In America’s high schools, test scores are stagnant while graduation rates are soaring. How can both be true? A December press release from the Department of Education may have the answer [emphasis mine]:
U.S. students are graduating from high school at a higher rate than ever before, according to data released today by the U.S. Department of Education's National Center for Education Statistics. The nation's high school graduation rate hit 82 percent in 2013-14, the highest level since states adopted a new uniform way of calculating graduation rates five years ago.
Sadly, rising graduation rates do not necessarily indicate improved academic achievement. They simply signal a lower threshold for graduation. This trend is evident in Pennsylvania, where statewide graduation rates are slightly higher than the national average despite poor performance on several measures of academic progress.
Robert Pondisco, a senior fellow at the Thomas B. Fordham Institute, weighed in on the disconnect between graduation and attainment:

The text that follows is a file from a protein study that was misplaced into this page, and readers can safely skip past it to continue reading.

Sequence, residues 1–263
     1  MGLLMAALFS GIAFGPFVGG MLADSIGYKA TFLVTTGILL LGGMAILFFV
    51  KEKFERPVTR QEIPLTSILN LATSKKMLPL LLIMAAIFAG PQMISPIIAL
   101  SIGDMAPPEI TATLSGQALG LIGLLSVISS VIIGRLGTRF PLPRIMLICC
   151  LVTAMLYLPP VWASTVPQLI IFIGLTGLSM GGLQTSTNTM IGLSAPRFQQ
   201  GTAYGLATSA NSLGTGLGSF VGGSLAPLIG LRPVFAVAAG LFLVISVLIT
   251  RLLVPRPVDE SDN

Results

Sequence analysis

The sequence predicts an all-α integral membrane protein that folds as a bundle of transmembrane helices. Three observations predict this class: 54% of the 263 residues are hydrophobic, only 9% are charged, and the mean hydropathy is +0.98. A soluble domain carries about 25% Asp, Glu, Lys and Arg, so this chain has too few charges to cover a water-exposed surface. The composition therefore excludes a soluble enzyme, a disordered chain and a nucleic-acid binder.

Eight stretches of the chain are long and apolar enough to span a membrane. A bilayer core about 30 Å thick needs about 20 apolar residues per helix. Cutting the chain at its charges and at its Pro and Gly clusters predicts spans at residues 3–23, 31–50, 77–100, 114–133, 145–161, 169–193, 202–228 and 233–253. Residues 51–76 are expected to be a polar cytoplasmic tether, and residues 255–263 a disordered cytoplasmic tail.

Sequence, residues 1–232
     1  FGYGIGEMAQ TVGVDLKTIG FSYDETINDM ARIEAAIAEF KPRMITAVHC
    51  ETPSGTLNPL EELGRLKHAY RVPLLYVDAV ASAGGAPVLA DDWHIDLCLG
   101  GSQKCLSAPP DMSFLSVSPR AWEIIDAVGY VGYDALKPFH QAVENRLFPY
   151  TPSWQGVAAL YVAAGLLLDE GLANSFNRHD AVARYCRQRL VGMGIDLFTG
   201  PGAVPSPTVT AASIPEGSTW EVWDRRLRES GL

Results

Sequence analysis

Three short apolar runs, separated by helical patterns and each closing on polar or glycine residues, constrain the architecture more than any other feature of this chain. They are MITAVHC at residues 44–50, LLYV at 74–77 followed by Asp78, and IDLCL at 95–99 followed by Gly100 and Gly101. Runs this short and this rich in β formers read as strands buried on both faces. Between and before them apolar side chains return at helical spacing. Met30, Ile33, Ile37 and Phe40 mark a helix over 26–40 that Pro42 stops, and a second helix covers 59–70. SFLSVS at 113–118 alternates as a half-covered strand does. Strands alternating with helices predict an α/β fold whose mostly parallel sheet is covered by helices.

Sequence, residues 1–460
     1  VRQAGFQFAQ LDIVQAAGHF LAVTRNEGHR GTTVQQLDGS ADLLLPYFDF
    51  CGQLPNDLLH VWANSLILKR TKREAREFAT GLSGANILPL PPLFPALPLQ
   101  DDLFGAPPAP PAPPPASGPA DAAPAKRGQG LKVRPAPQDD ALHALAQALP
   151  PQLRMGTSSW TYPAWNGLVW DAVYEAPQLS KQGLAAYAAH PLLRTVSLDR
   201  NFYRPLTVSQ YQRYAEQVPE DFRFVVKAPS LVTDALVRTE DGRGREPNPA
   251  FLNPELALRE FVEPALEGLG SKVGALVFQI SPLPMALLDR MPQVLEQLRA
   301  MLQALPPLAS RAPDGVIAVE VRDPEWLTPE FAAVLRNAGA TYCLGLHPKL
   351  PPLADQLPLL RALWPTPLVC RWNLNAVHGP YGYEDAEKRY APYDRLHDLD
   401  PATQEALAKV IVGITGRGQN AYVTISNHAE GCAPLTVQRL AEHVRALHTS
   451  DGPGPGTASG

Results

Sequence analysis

Regarding the recent spike in graduation rates, good luck figuring out what it stands for. Not improved student proficiency, certainly. There has been no equally dramatic spike in SAT scores. Don’t look for a parallel uptick on seventeen-year-old NAEP, better performance on AP tests, or the ACT, either. You won’t find it. The only thing that appears to be rising is the number of students in need of remedial math and English in college. And the number of press releases bragging about huge increases in graduation rates.
There’s nothing inherently wrong with tracking graduation rates, but it would be foolish to ignore classroom outcomes and blindly conclude that public schools are moving in the right direction. Policymakers, school boards, and school administrators must dig deeper—especially in the commonwealth, where lawmakers are poised to delay more challenging graduation requirements.